Starter for 10
"Ever since I can remember, I've wanted to be clever," Brian Jackson confesses in voice over at the start of Starter for 10. A working-class student from Essex navigating his first year at Bristol University, Brian (James McAvoy) has a lot to prove. While his hometown mates worry about him turning into a poncey wanker, Brian's biggest concern is making the team for the long-running British television quiz show University Challenge. (The game show, which began in 1962 and is something like the UK's answer to Jeopardy, pits four-member teams from posh universities against each other. "Starter" questions, worth ten points each, gave the film its title.) Amidst Tarts and Vicars dances, anti-Apartheid rallies, minging dorm rooms and puffs of marijuana smoke, Brian also finds himself romantically torn between two very different co-eds: ultra-fit blonde bombshell and University Challenge team-mate Alice (Alice Eve), and thoughtful, politically-conscious Rebecca Epstein (Rebecca Hall in Christopher Nolan's The Prestige). With Margaret Thatcher's economically depressed Blighty as a backdrop, and a killer, pitch-perfect New Wave soundtrack - featuring music by The cure, Wham! Bananarama, Yaz, The Smiths, New Order, Tears For Fears, Echo and the Bunnymen, The Buzzcocks, and The Psychedelic Furs - in the foreground, Starter for 10 is the great British teen 80s movie that never was... It is also altogether delightful, with UK comedy sensation Catherine Tate co-starring as Brian's steadfast mum, and McAvoy (The Lion, The Witch, and the Wardrobe's Mr. Tumnus the Faun) delivering the kind of charming, humourous performance that reinvigorates a genre. Though Brian Jackson knows everything, like all honest coming-of-age stories, Starter for 10 is ultimately about its hero discovering the difference between knowledge and wisdom. Directed by Tom Vaughan, based on the novel by David Nicholls, Starter for 10 is produced by Tom Hanks, Gary Goetzman and Pippa Harris and executive produced by Sam Mendes, Steven Shareshain, Nathalie Marciano, and Michelle Chydzik Sowa.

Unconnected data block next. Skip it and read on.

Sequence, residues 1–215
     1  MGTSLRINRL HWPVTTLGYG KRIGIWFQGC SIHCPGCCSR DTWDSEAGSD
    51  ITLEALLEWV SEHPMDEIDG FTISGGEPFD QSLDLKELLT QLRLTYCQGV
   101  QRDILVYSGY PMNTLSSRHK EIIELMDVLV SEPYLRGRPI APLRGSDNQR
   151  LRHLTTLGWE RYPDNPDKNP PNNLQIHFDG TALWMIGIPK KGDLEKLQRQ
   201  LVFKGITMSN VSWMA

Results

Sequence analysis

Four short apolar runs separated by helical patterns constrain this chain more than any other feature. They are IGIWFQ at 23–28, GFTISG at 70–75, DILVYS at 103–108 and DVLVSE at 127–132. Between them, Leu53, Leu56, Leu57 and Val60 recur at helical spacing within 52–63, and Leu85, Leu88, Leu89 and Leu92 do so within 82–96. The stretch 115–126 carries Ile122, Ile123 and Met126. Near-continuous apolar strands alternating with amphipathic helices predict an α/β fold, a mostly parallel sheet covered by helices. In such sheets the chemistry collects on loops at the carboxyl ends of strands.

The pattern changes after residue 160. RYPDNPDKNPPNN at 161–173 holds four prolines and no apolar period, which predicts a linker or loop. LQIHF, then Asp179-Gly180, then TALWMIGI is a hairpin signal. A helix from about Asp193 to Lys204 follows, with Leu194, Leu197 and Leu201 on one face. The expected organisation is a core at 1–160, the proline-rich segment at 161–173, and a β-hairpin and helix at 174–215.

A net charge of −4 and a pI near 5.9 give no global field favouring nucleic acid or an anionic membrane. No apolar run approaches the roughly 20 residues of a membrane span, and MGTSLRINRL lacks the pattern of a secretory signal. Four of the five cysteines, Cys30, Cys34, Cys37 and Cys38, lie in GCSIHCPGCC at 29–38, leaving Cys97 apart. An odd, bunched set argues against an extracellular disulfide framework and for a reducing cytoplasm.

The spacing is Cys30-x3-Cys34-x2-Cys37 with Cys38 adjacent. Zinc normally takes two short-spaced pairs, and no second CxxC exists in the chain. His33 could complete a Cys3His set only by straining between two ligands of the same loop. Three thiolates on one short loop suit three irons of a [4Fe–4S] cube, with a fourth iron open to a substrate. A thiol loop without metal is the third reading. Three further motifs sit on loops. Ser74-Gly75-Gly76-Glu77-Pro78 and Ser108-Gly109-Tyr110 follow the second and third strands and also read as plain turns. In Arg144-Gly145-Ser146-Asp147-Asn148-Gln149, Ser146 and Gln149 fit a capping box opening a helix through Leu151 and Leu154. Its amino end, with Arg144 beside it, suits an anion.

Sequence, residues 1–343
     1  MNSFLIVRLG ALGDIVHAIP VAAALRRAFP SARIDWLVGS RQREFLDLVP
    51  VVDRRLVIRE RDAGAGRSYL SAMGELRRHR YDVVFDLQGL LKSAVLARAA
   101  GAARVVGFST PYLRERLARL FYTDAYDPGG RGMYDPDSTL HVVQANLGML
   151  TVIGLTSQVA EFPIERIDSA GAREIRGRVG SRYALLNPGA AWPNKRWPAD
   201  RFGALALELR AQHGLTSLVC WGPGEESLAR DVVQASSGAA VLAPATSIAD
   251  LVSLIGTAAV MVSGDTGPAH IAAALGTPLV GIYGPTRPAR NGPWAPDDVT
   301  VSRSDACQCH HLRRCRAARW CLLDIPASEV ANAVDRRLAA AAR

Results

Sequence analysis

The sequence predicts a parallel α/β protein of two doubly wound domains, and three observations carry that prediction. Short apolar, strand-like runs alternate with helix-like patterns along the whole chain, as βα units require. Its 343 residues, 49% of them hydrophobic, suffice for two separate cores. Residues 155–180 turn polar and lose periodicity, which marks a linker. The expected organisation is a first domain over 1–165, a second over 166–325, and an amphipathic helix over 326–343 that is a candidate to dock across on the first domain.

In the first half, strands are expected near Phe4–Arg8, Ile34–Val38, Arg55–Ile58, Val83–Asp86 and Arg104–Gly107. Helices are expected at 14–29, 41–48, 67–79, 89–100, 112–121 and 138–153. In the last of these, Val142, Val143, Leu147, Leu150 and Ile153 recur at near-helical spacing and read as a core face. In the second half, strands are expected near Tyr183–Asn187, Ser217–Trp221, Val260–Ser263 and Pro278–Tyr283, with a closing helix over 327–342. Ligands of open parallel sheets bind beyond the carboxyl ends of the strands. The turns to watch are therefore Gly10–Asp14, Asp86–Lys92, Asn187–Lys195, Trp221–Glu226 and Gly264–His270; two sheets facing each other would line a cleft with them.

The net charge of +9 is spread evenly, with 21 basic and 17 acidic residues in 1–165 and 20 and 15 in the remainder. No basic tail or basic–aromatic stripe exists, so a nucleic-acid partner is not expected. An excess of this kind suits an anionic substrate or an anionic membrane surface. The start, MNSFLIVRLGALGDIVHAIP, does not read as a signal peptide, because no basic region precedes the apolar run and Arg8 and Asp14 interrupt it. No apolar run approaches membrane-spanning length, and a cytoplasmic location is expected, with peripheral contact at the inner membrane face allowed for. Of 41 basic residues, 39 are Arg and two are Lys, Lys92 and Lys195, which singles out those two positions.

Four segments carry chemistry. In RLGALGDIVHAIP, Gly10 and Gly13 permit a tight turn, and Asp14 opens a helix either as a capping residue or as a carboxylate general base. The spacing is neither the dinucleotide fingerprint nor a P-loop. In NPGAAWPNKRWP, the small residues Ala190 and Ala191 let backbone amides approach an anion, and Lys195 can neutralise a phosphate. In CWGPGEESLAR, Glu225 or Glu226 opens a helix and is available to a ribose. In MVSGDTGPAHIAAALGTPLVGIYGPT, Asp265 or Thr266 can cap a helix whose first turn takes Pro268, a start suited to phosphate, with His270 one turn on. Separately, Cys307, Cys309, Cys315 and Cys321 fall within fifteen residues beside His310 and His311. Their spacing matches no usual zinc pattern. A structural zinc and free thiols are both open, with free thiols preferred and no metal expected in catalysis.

1hr 30mins long
M Contains violence and sexual references.